Thursday, August 25, 2011

Separation Anxiety

When I went back to work 6 weeks after Asha was born, I was relieved!!! This was the first time in 6 weeks that I had taken a shower before 7pm, the first time in 6 weeks that I got into a quiet car and turned on my own music, the first time in 6 weeks that I was getting adult interaction during the day. You get the picture!!!! Of course it helped that this was also the last week of classes, the next week was exam week and then I would get another 4 weeks at home with her.

When I went back to work 4 weeks later, I felt much worse. This would be a whole semester and I would leave her home every day. By this point she was about 2.5 months old and over the worst of her colic. She was starting to smile and focus on us more and it was much more difficult leaving her. I thought about her all the time I was at school and called about 5-6 times during the day to check on her. Gregg was just starting to get irritated when my parents arrived and they were only too happy to fill me in on all her gestures, sounds, bowel movements etc. every time I called. Shortly after they left, school was done for the semester and I did not have to irritate Gregg for long.

The last few nights have been very difficult for us. We phased out Asha’s middle of the night bottle because it was clear she did not need it. She was drinking a maximum of 4oz at night and then spent another 45 minutes pulling our hair, smiling, examining our teeth etc. She just wanted to play. She has not had a night bottle in the last 4 nights and while she still wakes at least twice, she has stayed up only 15-30 minutes each time. However, I find myself waking up at 4am and unable to go back to sleep. This is very bad because we go to bed around 11pm, we get up with her twice and so waking and staying awake at 4am means I get almost no sleep. I wondered why this kept happening even when I was exhausted. Then it occurred to me – this is separation anxiety. I do not want to leave Asha home on Monday. She is now 10 months. She is crawling, standing, saying mama. She loves me to sit on the floor so she can crawl over me and around me to grab toys I hide. She loves playing hide-and-seek. She loves grabbing my leg, pulling herself up and hanging on while I take mini-steps. She is making new sounds all the time – testing different inflections with the same word. I will miss all this while I am at work.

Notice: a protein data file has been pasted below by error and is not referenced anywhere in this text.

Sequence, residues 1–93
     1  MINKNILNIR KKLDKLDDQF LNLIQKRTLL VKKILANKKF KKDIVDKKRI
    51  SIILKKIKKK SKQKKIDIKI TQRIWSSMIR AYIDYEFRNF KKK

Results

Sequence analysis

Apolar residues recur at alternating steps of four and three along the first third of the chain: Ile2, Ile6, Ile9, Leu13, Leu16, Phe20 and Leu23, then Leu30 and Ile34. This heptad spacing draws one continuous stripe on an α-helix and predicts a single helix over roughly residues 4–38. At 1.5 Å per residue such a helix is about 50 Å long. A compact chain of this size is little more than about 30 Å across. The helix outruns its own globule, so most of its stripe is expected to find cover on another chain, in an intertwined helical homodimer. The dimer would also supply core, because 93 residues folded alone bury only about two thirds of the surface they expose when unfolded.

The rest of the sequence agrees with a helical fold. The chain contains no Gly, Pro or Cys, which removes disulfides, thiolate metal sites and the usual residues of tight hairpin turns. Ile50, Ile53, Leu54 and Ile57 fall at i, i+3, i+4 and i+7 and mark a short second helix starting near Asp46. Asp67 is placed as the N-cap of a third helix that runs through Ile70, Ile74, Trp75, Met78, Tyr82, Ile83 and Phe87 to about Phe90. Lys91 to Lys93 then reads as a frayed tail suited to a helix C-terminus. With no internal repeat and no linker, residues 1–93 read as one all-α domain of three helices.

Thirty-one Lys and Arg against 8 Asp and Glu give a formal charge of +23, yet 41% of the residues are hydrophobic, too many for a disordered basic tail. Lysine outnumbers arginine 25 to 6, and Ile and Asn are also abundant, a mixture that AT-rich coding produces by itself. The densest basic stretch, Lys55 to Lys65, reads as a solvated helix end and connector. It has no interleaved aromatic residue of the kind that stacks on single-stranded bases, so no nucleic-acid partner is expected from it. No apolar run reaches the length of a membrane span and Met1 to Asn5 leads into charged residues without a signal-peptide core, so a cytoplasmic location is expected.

I have never even considered being a stay-at-home mom (and not just for financial reasons). I love my job and love adult company and interaction. But now I know why they make this decision. I do not want to miss her milestones. I miss her company. It is getting more difficult to leave her as she grows because I love her company and her personality. Oh well!!! I am trying to console myself with the thought that when she reaches an age when she will not want my company, I will feel glad I kept my job!!!!     

Sunday, August 21, 2011

New Year is Here!!!!

While most people see January 1st as New Year’s Day, any teacher’s New Year is the first day of the fall semester. New Year has always been bittersweet for me. It lacks the unreflective delight with which I treat Thanksgiving. The New Year always makes me look back as much as forward – assessing the past year, its successes and failures and all that I did not accomplish or did accomplish. I have the same attitude to the new school year. I usually become aware of it through an increasingly tight knot in my stomach. This knot first manifests itself around the beginning of August and makes its way from my stomach to my throat by the back of my throat. It is the stress of the new school year – easing back into a life flooded with emails, grading, teaching, committees, etc. It is the thought of the time you squandered during the summer. I taught summer school this year and started a syllabus for a new course. However, the syllabus is incomplete and I have to finish it and submit it during the first couple of weeks of the semester. Even the small things seem insurmountable – for instance, I need to sew buttons and hems on a number of my skirts and shirts and I need it done before the end of next week. I had all summer to do it but….here we are.

In today’s world, teaching is not a 9am-5pm job. Students email you at all hours of the day and expect a response accordingly. Activities have to be held after school. Most importantly, any and all research has to be done after school. Increasing class sizes do not help. This semester, I have some 175 students in my classes total. That is a lot of grading (no TAs or RAs). Teaching political theory makes it worse because you cannot have multiple choice exams in that subject. Grading 175 papers and 175 essays 3 times in the semester takes up an enormous amount of time. Everything is increasing – students, advisees, grading, committee work etc. Yet, without the research, all these things become boring, mundane and outdated. To be frank, the time to do research is so limited during the semester. Whoever thinks that teachers work part-time for 9 months out of the year never taught a day in their life.